Image used for representational purposes only
Image used for representational purposes only

Origin of the cooker

In 1689, Papin suggested that a force pump or bellows could maintain the pressure and fresh air inside a diving bell.

The pressure cooker is an integral part of the modern kitchen globally, and has revolutionised the cooking process. Its inception, however, goes to the invention of a ‘steam digester’, the brainchild of French physicist Denis Papin. Papin was born on August 22, 1647, in Chitenay, France, and went on to study at the University of Angers, graduating with a medical degree in 1669. In 1673, Papin worked with Dutch scientist Christiaan Huygens and German polymath Gottfried Leibniz in Paris, and became interested in using vacuum to generate motive power.

Papin assisted Huygens with his air-pump experiments and visited London in 1675 to work with English physicist Robert Boyle. In 1679, Papin invented his steam digester, an enclosed vessel with a tightly fitting lid that arrests the steam until a high pressure is generated, raising the boiling point of the water within, considerably. A safety valve that he himself invented, prevented explosions. Observing that the enclosed steam in the digester tended to raise the lid, Papin conceived the use of steam to drive a piston in a cylinder, the basic design for early steam engines and pressure cookers.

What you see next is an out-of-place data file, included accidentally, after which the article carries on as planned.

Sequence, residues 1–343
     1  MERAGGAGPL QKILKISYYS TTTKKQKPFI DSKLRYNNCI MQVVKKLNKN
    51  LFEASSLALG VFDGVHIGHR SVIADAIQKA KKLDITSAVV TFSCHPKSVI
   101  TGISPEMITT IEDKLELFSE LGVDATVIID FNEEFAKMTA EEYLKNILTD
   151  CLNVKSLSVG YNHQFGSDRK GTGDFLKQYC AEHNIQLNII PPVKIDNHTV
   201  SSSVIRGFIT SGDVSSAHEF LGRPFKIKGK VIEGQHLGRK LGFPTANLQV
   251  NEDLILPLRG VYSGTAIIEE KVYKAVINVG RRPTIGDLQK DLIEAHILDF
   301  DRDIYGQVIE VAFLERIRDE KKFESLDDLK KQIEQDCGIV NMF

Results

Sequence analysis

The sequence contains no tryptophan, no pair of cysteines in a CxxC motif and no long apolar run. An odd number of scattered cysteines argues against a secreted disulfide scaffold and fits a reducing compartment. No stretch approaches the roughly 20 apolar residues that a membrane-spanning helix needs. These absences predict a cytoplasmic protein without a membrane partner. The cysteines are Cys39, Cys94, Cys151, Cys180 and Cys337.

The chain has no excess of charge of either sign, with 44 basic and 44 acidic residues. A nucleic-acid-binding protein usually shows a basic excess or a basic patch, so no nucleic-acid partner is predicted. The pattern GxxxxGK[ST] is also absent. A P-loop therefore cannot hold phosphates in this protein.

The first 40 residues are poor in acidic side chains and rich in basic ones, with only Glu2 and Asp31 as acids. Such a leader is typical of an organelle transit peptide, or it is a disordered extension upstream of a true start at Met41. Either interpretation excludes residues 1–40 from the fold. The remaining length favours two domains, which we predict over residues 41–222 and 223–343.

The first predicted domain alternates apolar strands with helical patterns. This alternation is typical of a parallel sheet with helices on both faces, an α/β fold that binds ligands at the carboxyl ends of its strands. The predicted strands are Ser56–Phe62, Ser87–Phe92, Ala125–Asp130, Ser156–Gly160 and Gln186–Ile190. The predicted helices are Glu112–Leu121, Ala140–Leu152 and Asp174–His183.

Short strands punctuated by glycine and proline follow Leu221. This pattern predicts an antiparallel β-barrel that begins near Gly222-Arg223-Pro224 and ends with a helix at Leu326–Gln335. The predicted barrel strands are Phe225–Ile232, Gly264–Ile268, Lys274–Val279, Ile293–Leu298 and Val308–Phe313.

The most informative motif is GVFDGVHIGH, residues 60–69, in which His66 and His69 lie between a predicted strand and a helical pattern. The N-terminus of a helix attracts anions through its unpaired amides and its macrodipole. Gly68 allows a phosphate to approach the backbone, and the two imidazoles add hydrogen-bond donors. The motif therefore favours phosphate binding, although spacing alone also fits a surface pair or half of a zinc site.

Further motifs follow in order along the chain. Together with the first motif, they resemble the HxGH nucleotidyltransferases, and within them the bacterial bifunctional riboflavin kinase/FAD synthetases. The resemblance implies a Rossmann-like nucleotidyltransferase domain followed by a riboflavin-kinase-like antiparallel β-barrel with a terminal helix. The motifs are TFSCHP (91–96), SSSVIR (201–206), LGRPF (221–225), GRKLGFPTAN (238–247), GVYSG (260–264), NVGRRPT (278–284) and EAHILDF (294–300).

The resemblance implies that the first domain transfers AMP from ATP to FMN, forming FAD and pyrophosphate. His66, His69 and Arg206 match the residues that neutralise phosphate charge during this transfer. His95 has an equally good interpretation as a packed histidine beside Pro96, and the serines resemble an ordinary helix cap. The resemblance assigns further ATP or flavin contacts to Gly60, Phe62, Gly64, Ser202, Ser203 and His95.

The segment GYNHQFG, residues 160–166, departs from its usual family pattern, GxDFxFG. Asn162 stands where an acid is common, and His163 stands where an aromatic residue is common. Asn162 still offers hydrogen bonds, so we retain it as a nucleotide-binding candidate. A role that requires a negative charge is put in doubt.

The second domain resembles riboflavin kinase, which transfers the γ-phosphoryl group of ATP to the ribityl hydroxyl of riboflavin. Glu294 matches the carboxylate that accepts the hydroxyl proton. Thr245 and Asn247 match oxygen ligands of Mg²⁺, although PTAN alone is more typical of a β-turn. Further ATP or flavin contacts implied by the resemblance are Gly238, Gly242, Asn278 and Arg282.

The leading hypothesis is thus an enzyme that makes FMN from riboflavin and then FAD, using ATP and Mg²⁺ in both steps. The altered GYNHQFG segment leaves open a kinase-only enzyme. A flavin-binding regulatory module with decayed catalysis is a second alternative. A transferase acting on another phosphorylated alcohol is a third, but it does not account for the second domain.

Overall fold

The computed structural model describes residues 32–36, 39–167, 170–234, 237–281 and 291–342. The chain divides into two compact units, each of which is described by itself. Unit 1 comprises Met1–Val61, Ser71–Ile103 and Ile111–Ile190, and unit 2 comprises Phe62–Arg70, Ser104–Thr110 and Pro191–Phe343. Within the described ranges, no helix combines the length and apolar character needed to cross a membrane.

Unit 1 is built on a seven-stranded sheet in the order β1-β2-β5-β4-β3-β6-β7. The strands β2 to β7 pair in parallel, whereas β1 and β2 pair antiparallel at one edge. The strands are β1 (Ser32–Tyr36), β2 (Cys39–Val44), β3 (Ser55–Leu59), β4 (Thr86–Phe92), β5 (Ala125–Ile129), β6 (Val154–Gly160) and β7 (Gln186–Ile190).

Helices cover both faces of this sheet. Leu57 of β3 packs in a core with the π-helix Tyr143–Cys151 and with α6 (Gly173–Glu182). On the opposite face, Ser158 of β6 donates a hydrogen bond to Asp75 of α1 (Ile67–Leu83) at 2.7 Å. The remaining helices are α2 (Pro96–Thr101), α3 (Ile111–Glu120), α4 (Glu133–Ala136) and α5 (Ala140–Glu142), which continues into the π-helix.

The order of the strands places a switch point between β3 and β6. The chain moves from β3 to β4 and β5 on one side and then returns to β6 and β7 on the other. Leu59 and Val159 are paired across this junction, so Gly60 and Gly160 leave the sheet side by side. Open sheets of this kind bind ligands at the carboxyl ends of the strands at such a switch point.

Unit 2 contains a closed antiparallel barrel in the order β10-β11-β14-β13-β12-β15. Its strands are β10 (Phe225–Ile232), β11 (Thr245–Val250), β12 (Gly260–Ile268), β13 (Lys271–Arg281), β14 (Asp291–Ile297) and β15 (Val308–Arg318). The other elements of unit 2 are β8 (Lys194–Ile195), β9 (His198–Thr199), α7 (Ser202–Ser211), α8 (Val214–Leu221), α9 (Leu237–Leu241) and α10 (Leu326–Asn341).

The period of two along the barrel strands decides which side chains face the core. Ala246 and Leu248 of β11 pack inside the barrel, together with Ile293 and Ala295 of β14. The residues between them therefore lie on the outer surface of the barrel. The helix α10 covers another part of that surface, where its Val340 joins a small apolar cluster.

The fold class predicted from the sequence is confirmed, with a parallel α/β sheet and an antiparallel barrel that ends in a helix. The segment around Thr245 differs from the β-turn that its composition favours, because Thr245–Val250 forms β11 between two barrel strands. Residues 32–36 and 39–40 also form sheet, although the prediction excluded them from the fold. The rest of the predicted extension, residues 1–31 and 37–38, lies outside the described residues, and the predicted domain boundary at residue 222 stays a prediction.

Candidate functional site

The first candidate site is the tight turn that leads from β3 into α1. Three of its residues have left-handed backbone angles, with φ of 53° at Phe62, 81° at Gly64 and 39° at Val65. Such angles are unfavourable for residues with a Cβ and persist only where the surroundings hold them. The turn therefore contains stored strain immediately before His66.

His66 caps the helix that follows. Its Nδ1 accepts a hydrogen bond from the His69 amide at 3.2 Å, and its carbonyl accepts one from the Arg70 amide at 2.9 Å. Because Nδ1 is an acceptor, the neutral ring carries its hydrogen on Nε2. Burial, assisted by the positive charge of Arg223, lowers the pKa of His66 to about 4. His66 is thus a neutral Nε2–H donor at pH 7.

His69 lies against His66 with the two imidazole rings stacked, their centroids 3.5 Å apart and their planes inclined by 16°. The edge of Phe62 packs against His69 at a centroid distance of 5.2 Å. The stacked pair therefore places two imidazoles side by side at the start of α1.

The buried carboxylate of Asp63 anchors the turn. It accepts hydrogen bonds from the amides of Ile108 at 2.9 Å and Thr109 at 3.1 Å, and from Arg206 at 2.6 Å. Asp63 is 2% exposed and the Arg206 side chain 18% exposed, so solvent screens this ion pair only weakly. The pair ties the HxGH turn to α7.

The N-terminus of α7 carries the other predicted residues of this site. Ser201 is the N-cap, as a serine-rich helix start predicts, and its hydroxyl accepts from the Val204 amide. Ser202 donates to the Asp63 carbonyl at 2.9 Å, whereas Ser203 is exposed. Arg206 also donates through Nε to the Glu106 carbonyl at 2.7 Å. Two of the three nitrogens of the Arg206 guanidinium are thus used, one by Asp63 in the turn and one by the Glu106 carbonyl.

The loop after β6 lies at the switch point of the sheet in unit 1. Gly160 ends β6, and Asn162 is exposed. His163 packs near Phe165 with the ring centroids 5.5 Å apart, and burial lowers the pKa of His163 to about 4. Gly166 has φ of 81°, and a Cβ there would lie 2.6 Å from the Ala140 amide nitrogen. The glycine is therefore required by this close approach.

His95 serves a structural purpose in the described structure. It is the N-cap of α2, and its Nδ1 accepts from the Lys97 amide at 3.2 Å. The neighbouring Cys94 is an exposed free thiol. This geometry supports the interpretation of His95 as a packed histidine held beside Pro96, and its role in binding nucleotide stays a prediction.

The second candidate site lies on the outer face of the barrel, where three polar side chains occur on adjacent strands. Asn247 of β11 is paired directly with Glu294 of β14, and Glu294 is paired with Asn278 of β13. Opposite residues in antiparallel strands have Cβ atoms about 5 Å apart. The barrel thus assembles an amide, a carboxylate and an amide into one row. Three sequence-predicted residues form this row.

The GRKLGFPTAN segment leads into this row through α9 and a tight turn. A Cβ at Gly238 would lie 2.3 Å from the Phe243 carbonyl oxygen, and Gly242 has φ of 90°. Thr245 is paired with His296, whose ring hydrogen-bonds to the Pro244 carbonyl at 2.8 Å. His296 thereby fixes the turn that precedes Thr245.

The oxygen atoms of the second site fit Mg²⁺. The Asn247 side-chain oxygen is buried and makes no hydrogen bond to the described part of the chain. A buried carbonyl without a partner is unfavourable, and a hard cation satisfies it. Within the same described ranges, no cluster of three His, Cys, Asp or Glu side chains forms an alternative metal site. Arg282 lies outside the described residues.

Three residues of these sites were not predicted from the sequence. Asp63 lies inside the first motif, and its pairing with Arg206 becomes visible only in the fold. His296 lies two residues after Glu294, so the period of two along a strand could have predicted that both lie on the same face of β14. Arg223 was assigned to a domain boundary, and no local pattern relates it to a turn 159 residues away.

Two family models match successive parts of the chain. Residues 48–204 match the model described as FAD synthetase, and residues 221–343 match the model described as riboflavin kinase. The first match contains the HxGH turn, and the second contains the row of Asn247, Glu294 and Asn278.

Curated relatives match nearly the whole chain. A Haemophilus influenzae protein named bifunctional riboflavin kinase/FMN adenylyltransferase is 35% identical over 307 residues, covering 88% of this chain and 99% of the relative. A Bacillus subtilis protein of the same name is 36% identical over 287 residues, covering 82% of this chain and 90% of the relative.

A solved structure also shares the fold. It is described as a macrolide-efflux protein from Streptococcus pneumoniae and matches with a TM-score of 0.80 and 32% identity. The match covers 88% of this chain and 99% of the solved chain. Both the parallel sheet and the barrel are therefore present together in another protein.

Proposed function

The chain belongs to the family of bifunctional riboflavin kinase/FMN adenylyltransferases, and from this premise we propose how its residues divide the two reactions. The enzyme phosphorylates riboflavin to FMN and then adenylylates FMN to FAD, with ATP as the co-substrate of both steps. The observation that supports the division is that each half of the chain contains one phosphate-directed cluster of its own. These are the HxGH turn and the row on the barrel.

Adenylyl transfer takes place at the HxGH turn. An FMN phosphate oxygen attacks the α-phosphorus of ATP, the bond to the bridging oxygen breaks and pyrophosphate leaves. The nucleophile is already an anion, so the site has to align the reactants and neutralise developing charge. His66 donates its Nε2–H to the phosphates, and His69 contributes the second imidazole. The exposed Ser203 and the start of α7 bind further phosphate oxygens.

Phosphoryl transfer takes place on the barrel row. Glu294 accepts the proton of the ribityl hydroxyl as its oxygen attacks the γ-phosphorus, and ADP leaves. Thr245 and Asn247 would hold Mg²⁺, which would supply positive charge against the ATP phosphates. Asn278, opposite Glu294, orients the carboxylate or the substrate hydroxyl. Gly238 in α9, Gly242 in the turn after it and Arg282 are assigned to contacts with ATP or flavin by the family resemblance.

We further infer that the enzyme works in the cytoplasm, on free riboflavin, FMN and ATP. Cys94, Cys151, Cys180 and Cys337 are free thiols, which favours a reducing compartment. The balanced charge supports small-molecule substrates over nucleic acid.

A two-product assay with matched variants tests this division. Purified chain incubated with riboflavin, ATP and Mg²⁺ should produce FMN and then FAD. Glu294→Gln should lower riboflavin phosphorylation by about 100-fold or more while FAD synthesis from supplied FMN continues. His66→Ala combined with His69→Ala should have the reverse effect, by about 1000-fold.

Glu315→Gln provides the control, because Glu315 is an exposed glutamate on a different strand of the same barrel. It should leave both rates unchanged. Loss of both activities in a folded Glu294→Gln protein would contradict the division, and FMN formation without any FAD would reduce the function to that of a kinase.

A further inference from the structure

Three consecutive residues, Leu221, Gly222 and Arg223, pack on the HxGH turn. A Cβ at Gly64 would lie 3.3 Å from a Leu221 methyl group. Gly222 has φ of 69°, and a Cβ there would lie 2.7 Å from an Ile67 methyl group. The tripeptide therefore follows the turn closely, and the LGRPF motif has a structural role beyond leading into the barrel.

In 1689, Papin suggested that a force pump or bellows could maintain the pressure and fresh air inside a diving bell. In 1705, Leibniz sent Papin a sketch of the first practical steam engine, built by English engineer Thomas Savery. The sketch stimulated Papin to experiment with further work in the realm of steam technology, culminating in his ‘Ars Nova ad Aquam Ignis Adminiculo Efficacissime Elevandam’ (The New Art of Pumping Water by Using Steam - 1707). In 1709, Papin introduced a man-powered paddle-wheel boat that successfully demonstrated the practicality of using the paddle wheel instead of oars on steam-driven ships. Papin died on August 26, 1713, in London.

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